photographs are an attempt to distill my experience of these fragments of life – of unfinished
stories – on the precipice beyond the edge of Cape Town. It is a study in informal survival, in a
world of unstable, sprawling squatter camps, “informal settlements”, garbage hills, and the
sand dunes of the Cape Flats, (and more recently, for me, in Hout Bay where I now live) where
urbanisation has been disconnected from industrialisation and even from economic growth.
These photographs portray a vast humanity living on the edge of Cape Town. I focus on the
excluded, warehoused in shantytowns and exiled from the formal world economy, a habitat
largely constructed out of crude brick, recycled plastic, metal sheets, cardboard, cement
blocks, and scrap wood, surrounded by pollution, excrement, and decay. The photographs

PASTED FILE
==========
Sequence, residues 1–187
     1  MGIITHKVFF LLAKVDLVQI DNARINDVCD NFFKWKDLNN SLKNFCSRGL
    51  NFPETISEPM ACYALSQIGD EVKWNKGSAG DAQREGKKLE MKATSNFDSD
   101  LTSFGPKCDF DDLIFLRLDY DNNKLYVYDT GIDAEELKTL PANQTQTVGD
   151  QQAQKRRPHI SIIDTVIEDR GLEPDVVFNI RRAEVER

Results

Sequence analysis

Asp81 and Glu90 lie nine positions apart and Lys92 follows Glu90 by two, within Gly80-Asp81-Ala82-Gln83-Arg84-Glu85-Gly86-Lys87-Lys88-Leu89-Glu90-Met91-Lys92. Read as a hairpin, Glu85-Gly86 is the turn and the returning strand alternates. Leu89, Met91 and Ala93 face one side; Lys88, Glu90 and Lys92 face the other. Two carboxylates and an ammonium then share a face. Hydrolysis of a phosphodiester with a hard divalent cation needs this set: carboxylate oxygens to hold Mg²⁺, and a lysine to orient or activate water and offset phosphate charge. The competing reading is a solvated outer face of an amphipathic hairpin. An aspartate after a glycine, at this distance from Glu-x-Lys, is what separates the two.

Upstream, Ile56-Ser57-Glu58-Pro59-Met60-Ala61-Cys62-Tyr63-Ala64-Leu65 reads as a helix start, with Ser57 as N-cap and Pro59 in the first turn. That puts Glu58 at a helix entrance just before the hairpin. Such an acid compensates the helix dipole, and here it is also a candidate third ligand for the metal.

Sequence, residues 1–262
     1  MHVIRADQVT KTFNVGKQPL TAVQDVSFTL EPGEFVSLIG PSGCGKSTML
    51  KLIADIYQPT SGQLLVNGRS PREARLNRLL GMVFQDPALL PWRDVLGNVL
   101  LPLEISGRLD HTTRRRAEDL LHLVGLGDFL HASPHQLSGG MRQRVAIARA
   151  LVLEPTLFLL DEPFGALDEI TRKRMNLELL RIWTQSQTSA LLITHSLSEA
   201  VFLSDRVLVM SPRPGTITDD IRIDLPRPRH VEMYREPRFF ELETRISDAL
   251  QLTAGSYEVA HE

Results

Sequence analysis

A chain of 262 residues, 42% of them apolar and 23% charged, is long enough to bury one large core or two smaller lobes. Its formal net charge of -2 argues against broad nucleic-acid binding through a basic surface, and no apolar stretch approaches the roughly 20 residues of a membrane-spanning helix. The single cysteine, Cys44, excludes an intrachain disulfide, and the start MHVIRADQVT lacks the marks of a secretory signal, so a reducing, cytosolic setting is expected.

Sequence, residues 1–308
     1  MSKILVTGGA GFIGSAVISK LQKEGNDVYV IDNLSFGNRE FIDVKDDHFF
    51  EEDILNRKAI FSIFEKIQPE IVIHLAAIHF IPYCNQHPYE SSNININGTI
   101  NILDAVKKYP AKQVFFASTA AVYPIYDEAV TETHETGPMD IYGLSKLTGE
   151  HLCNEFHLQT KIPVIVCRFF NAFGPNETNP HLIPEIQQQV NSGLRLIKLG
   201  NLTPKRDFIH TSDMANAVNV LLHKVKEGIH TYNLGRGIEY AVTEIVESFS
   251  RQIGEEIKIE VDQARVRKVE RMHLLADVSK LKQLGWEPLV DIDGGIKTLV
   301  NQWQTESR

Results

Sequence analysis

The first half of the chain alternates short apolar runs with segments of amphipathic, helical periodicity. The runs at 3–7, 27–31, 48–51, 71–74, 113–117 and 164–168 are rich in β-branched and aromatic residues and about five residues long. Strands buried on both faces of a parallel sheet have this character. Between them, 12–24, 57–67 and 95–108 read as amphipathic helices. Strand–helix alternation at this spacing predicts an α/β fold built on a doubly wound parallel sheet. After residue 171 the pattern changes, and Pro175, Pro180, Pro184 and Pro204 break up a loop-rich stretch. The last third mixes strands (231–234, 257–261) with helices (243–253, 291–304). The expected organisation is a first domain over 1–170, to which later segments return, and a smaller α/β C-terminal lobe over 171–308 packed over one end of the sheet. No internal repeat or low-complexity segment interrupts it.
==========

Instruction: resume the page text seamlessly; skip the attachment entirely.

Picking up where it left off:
attempt to capture the variety of responses to this environment.
The future evolution of slums or ‘informality’ needs to be determined by political and a variety
of other interventions on the ground, rather than by uncontrollable economic and political
forces. These issues, if left unaddressed, will not just wither away, but will go instead in search
of more radical answers. Are these urban slums volcanoes waiting to erupt?
As unappealing as this might be to public taste this is nevertheless the way I see these issues.
“No [artist, photographer] is ethically excused from their own circumstances. We are all
participants in our own time and place and cannot retreat from it”. [Tony Judt, Thinking the
20th Century] David Lurie
Click to read ‘On the Periphery’, by Jo Noero (Professor of Architecture: speech at the opening of “Encounters at the Edge”
On the periphery.
It says a lot for David Lurie to have invited an architect and not an artist to open his fine exhibition.